In order to deal with the problems outlined above the following four specific issues must be addressed. The accountability of deputy heads and ministers to Parliament must be delineated. The standing committee system must be restructured to reflect the revised government Policy and Expenditure Management System, the new form of estimates, i.e. departmental expenditure plans part Ill of the main estimates. A modest professional research staff must be established to help parliamentarians to analyse the available information or a budget be secured to contract for resources on an "as required" basis, or a combination of the two. The necessary tripartite agreement amongst political parties must be developed to divorce approval of government estimates, which is a political process; from the scrutiny of accounts which should be an apolitical process. This would ensure that the party in power, instead of being defensive about the examination process, participates in, aids and abets it.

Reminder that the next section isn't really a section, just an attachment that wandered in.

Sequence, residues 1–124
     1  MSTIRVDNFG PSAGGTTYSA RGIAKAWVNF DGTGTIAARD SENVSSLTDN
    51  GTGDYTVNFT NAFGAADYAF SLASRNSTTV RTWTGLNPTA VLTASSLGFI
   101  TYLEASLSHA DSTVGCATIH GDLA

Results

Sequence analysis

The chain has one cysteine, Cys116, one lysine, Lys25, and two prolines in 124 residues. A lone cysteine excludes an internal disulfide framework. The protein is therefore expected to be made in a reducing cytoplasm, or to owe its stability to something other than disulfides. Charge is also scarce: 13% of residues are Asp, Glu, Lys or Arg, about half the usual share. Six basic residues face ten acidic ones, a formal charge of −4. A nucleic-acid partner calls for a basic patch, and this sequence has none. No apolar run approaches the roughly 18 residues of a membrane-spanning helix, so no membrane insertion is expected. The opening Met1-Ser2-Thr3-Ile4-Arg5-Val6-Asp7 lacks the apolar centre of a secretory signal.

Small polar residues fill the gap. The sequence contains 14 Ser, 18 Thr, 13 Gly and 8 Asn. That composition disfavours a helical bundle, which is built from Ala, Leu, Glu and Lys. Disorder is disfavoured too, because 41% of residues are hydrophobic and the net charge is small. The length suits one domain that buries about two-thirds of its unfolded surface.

Delineating Accountability

It is crucial to the process of examination of expenditures that as clear a distinction as possible to be made between those items for which a minister has responsibility and those for which deputy heads must answer. Those matters for which a minister is accountable will always be subject to political, and partisan political examination. It is only in the area for which public servants are responsible that parliamentarians can fulfill their constitutional responsibility of holding the administration accountable in a non partisan way. It is, after all, in every member's interests, whether in the governing party or in opposition, to see that public money achieves the best value possible for its expenditures. The government, as much as the opposition, has a genuine interest in reducing waste and eliminating poor administrative practices.

Ministerial Accountability